• Less Wasteful – If it is decided that Feature “X” isn’t what’s needed or the opportunity has gone, or it simply isn’t what we thought was required, bin it. Only a week was lost. The Development Team will more than likely have learned something valuable along the way too. 
  • Flexible –Feature and Engineering weeks do not have to alternate. Priorities will determine which. The trick is to not let the pendulum swing too far in one direction. 

Notable examples: 

  1. A week was spent prototyping a feature, the requirements changed, or the moment passed. It was dropped, then the Development Team got on with the next task. There was no baggage weighing them down. 
  1. An old style big-bang feature. This went from a four to five week estimate up to about three months. It’s not a particularly nice feature and by the end it had to be finished by a hard deadline, so some functionality was cut, and overall quality suffered. 

Cons 

  • Piecemeal – Sometimes there is an overhead getting back into a feature not recently worked on. This tends not to happen though, since anything left too long probably isn’t that important anymore.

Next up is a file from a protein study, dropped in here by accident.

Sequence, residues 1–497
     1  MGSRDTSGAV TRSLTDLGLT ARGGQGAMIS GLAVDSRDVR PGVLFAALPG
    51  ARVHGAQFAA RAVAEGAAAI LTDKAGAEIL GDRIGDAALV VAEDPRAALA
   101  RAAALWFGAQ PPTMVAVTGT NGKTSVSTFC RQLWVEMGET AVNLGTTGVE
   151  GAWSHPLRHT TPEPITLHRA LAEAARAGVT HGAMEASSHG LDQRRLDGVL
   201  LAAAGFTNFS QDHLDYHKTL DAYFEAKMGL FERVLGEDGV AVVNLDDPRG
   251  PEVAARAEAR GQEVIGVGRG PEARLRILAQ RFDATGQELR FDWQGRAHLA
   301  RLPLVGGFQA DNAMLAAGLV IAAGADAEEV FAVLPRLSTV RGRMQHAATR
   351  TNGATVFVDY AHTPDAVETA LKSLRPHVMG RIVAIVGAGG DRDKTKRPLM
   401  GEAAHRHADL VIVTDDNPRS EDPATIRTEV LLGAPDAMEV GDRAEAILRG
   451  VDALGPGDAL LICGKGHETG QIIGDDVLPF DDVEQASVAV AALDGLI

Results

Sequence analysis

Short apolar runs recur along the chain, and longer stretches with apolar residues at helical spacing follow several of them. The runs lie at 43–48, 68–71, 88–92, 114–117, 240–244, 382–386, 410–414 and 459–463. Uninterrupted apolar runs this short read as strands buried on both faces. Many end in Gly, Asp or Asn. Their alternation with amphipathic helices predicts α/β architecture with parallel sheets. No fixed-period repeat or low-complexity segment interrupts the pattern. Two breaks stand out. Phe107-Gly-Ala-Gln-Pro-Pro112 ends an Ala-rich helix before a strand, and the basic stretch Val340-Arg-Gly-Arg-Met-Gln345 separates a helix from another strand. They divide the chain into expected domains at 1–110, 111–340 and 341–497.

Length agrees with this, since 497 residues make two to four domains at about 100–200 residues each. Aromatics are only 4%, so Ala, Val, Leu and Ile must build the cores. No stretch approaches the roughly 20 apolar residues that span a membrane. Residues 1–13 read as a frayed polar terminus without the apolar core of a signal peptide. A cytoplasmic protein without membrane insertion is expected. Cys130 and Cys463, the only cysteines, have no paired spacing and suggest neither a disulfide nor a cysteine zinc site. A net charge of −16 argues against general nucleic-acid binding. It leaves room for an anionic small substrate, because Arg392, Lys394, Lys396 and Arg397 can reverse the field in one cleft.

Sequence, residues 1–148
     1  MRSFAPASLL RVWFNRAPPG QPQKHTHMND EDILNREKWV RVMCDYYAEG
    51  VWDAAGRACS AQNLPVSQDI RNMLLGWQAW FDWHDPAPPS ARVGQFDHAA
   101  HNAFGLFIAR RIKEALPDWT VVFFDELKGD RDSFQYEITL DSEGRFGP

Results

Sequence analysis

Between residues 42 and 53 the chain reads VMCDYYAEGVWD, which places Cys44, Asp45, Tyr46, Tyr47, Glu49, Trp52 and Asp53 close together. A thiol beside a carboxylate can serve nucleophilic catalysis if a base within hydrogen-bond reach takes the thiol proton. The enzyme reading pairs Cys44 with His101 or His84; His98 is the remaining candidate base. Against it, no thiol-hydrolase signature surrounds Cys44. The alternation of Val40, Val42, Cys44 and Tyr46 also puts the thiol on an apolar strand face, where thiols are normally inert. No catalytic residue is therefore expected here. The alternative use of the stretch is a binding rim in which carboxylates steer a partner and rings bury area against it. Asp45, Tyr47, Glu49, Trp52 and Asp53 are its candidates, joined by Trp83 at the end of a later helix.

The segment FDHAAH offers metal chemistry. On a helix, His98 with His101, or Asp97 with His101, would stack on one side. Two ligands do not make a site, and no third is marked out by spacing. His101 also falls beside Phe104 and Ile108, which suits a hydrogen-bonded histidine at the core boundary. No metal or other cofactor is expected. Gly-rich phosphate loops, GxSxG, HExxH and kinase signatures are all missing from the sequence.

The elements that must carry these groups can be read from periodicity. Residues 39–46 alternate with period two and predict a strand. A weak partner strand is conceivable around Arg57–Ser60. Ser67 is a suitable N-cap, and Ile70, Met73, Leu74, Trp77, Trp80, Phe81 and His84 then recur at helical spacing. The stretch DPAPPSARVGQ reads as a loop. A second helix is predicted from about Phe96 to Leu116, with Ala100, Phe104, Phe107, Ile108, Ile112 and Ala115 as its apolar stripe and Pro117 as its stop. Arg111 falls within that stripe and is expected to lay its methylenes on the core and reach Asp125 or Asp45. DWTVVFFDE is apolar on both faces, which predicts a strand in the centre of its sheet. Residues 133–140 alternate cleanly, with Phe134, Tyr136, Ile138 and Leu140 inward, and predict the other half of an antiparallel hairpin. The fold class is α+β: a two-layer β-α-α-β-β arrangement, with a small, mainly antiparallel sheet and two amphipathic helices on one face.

• Using New Tools – It is essential that developers keep on top of their game. It’s all about beating the “other guy”. However, it can be risky to try something new during a Feature Week, unexpected issues could jeopardise delivery. The trick here is to reduce the commitment, have a Plan B or to create prototypes and do learning in an Engineering Week. 
  • Time Management – This is more important. Even a one-hour meeting eats into development time. 

Summary 

The Development Team and its processes were by no means shocking to start with. They had a green field project, continuous build servers, high levels of testing and controls on changes. None of these in themselves guarantees the production of the right things at the right time. 

The short duration of the one-week sprint focuses the teams on the here and now, there’s no resorting to “we can do that next week”.  

The mid-week demos get that essential feedback from the Product Team, the opportunity to correct direction and misunderstanding. 

The finish at the end of the week means there’s the satisfaction of achievement and the new start every week. 

Overall, the pace can feel like it is tiring (exhaustion would suggest over-commitment), but after nearly a full year of working this way, it’s the freshness of a new challenge each week, the ability to deliver evolutionary change and build on strong foundations that keeps it interesting and rewarding. 

Jeremy Twiggs

Jeremy Twiggs